Associated Students of Madison Student Services Finance Committee met on Monday for a budget decision on Child Care Tuition Assistance Program and a budget hearing of University Health Services.
The majority of the hearing was dedicated to the UHS budget. Arnold Jennermann, interim UHS executive director, and Bill Kinsey, UHS chief medical officer and director of medical services, presented the 2018-19 fiscal year budget proposal to the members of SSFC.
Discussion of the budget ranged from current and future leadership at the organization, coverage and resources offered at UHS, where funding comes from, where it goes and the proposed budget for the forthcoming fiscal year.
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The proposed budget took into account losses and surplus from the previous fiscal year, with goals to meet growing campus health needs, increasing mental health services, reducing cash reserves and gradually rebalancing the budget.
“We are trying to balance revenue and expenses to break even,” Jennermann said. “We are planning on generating losses for a few more years, but we see it getting in line after that.”
Other proposals included a more than 3 percent overall increase in the general pay plan for the fiscal year, increases in supplies and services and specific increases due to progression advancements and training.
The UHS representatives also proposed a 2.5 percent student health fee increase for the 2018-19.
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Jennermann explained that many services available to students have to do with input from each class. With that in mind, many members of SSFC voiced questions about funding, staff, and resources in UHS mental health services.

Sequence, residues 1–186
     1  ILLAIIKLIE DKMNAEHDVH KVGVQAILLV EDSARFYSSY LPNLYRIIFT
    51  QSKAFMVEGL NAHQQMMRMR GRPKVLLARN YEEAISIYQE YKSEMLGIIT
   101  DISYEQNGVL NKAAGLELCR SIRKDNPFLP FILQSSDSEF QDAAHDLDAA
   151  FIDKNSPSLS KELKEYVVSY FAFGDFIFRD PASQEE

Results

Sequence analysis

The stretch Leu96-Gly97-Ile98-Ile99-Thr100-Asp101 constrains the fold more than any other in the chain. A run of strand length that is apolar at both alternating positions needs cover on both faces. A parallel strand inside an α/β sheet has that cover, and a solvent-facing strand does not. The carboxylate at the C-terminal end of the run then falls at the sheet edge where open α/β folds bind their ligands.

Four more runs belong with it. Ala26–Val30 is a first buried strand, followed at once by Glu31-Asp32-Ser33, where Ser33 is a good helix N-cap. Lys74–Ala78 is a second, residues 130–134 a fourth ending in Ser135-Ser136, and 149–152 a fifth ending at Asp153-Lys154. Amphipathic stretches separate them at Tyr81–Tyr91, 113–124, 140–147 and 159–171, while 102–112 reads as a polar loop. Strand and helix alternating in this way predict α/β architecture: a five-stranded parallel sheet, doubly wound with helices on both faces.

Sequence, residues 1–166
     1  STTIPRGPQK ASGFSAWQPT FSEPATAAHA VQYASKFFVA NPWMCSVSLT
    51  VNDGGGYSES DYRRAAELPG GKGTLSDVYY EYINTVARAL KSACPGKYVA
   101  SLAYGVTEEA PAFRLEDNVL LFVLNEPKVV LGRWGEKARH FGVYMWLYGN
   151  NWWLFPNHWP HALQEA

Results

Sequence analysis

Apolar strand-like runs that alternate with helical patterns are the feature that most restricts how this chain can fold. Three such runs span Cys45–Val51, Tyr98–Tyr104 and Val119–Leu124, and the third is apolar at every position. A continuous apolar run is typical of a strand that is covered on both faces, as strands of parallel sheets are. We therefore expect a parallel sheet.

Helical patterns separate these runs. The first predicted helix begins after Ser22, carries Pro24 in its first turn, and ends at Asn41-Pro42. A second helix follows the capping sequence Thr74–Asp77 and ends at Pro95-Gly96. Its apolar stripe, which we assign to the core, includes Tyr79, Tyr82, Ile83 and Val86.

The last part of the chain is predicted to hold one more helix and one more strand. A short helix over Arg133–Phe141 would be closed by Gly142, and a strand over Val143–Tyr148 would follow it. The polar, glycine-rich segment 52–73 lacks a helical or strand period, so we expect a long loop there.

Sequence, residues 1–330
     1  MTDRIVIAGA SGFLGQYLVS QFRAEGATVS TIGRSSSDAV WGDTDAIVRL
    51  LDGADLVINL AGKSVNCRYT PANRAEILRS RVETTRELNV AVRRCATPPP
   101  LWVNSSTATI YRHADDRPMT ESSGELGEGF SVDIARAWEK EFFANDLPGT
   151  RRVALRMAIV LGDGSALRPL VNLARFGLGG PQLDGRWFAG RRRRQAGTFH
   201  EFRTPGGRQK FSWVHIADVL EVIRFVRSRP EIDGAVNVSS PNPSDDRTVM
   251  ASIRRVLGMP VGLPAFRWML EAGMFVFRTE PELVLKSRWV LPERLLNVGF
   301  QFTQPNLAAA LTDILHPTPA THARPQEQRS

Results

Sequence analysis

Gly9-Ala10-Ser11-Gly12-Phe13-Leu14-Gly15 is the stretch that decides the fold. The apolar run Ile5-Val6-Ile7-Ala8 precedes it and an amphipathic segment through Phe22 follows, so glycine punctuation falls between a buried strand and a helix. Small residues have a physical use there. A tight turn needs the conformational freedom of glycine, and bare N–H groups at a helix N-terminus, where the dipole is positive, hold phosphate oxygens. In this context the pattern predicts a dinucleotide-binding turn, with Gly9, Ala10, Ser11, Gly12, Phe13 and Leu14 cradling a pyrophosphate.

Also at Monday’s meeting, Rep. Sophia Alzaidi expressed concerns about emergency contraception offered by UHS. Currently, free emergency contraceptive is only available to victims of sexual assault.
“This is very exclusionary and subjects victims to make their assault almost public,” Alzaidi said. “There would be a great benefit to campus if UHS provided free emergency contraceptives to everyone.”
Although there was nothing in the proposal addressing that issue, Kinsey said it was a good discussion to have, one UHS is “happy to be a part of.”
In a later email to The Badger Herald, UHS spokesperson Marlena Holden said UHS included a $4,000 line item request in the 2018-19 budget that included funding for EC in
the form of the Paraguard IUD for victims of sexual violence.
The budget was given a vote of confidence from the UHS Health Care Advisory Committee, which included input from
shared governance and students on Jan. 23. In addition, Holden said disclosing a sexual assault to a provider or victim advocate for the purpose of obtaining EC does not initiate an investigation without a patient’s consent.
Kinsey added that there are many factors to take into account if the University were to provide this option, including the cost, the number of students who need it and UHS operating hours — which currently stand from 8:30 a.m. to 5 p.m. weekdays (open at 9 a.m. on Wednesdays) at the main East Campus location, and from 10 a.m. to 4 p.m. weekdays at the drop-in Lakeshore location .
SSFC will attend a tour of UHS facilities Thursday to help their decision making, and will vote on the budget next Monday.
A discussion and final vote on the Childcare Tuition Assistance Program’s requested budget was also held at Monday’s meeting.
During discussion over the CCTAP budget, Parsons voiced her opinion on the program, which provides financial assistance to student parents for their child care needs in order to ensure for academic success and quality child care.
“CCTAP is a great program, and one that students are proud of,” Parsons said.
Other members of SSFC echoed Parson’s remarks and agreed the proposed spending by CCTAP was necessary.
Update 1:33 p.m.: This article has been updated to include statements from UHS spokesperson Marlena Holden.
Correction: A previous version of this article misstated the operating hours of UHS. This article has been updated to accurately reflect the correct operating hours for each respective clinic. The Badger Herald regrets this error.